- The School Nutrition Association says 97 percent of school meal program directors have concerns about supply chain disruptions and 65 percent view disruptions as a serious concern.
- School cafeteria staff are also in very short supply.
- With national labor shortages, exacerbated by the pandemic, there aren’t enough people driving trucks, staffing warehouses, or working on assembly lines.
When “Breakfast for Lunch” is on the menu, it’s a big deal for students in the Colonial School District in New Castle, Delaware. But this week, the planned French toast sticks had to be replaced with waffles, and pork sausages for chicken sausages.
“The kids really love the chicken sausages we usually serve and some have dietary restrictions when it comes to pork products,” says Susan Jones, a lead food service worker at William Penn High School.
“At least we still had hash browns, or we may have had a riot on our hands,” she jokes.
But Jones says the daily food shortages and substitutions the cafeteria staff has to handle this year is no laughing matter. One day there were no carrots delivered, another no apple slices, and on another no Brussels sprouts. They had to substitute broccoli and cauliflower, which are healthy but cause problems with meal planning.
When the district’s food services manager puts orders in for lunch items, Jones says their distributors don’t have half of what’s requested.
“It’s a supply chain issue, and it’s impacting school cafeterias everywhere,” she says.
Alabama Schools Ask Parents to Send Snacks, Prepare for Possible Remote Learning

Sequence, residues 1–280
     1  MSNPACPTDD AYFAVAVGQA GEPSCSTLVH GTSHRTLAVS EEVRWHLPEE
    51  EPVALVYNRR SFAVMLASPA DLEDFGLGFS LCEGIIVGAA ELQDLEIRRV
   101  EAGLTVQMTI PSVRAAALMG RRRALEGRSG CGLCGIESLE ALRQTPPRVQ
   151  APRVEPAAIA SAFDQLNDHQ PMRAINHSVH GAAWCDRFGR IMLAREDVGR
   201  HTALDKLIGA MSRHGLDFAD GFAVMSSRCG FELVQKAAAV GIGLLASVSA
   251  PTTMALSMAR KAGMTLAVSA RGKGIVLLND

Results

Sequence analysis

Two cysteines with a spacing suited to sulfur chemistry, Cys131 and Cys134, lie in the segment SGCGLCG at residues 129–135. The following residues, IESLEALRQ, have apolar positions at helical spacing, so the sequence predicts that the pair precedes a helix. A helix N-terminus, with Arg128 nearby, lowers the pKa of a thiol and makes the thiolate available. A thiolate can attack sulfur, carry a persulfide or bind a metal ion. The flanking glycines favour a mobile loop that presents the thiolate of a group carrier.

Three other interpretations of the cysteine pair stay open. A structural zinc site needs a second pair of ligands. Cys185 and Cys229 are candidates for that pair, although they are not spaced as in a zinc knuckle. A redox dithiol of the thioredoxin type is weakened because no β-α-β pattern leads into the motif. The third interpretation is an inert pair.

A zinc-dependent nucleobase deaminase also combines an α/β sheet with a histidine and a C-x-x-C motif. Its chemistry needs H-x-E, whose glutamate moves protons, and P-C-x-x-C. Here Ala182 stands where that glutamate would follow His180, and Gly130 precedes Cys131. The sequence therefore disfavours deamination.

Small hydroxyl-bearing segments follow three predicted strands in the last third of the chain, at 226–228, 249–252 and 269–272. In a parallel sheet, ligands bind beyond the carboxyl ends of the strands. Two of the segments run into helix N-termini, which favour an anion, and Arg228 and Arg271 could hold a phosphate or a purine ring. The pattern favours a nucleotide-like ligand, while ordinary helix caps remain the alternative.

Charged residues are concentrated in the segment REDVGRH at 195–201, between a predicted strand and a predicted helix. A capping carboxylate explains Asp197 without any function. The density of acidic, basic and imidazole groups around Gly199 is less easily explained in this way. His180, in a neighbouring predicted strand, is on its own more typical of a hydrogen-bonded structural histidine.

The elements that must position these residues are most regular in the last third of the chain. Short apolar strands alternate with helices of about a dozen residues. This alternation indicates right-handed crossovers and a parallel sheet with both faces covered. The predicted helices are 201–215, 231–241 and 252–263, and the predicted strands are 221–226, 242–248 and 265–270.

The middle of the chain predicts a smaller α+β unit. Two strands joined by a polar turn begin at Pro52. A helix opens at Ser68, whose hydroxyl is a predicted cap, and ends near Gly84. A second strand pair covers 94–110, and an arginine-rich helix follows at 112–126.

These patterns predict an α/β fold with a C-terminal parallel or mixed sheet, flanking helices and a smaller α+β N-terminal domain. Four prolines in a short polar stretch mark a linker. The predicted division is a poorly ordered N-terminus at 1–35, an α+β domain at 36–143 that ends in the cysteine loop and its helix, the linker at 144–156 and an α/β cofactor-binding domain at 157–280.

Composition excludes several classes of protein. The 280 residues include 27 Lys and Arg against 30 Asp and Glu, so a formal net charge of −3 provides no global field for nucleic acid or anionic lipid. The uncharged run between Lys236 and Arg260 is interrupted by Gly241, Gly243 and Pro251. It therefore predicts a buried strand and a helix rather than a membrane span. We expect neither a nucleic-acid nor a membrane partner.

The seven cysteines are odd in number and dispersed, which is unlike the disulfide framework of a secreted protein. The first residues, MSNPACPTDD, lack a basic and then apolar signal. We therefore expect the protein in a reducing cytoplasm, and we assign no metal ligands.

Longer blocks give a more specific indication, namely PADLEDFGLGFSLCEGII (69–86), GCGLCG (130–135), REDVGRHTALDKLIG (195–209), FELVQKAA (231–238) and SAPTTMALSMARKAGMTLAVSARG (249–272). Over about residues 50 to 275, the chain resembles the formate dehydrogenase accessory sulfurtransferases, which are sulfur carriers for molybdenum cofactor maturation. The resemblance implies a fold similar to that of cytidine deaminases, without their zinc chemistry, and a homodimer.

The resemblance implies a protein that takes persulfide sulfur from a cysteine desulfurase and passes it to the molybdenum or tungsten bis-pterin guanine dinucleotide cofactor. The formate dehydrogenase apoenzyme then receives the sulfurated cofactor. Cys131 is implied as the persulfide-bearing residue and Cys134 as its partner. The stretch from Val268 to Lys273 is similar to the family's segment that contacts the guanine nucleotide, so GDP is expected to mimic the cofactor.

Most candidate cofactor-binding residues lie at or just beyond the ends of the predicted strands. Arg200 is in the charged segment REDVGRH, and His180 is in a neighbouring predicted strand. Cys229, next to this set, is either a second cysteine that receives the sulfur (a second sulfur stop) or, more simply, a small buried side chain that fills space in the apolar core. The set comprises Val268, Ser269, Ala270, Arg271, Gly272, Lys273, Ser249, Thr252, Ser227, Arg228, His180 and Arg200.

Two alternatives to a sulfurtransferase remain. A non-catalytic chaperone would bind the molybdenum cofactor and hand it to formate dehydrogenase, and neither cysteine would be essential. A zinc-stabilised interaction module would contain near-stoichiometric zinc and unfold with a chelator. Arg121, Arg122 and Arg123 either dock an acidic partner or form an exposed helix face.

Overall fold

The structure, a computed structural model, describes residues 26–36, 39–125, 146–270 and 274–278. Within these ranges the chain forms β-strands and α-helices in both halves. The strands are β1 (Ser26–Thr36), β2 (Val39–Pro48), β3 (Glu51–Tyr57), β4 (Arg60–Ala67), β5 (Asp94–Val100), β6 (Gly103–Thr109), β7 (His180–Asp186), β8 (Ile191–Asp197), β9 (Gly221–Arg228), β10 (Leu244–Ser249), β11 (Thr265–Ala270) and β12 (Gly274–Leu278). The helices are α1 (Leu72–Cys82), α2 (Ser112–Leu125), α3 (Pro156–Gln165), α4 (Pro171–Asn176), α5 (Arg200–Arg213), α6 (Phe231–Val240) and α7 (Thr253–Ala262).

In Alexander City, Alabama, the district asked parents and caregivers in a Facebook post to begin feeding their children breakfast or sending them to school with snacks due to food supply shortages.
"If possible, we ask that you feed your student breakfast prior to school or try to send a snack. Some of you have noticed our menus have not been updated regularly. When supplies do arrive, we do not always receive what we have requested; therefore altering the menus. This is a situation that is frustrating for you as a parent, and for us as well as our ability to feed our students is being greatly impacted," the post said.
Officials said they were working with Southern Food Services to help alleviate some of the strain and broaden their Child Nutrition Program.
In September, Dothan City Schools in southeastern Alabama, asked parents to prepare for the possibility of remote learning due to food supply issues.
"As a last resort, we may also ask that you prepare to have virtual/remote school days a few days out of the week to alleviate the stress of our food supplies," Superintendent Dennis Coe wrote in a September 23 Facebook post.
To deal with the food shortages in her Alabama district, Cacyce Davis, who directs nutrition for schools in Elmore County, has made last-minute grocery runs to Sam's Club when deliveries didn’t arrive.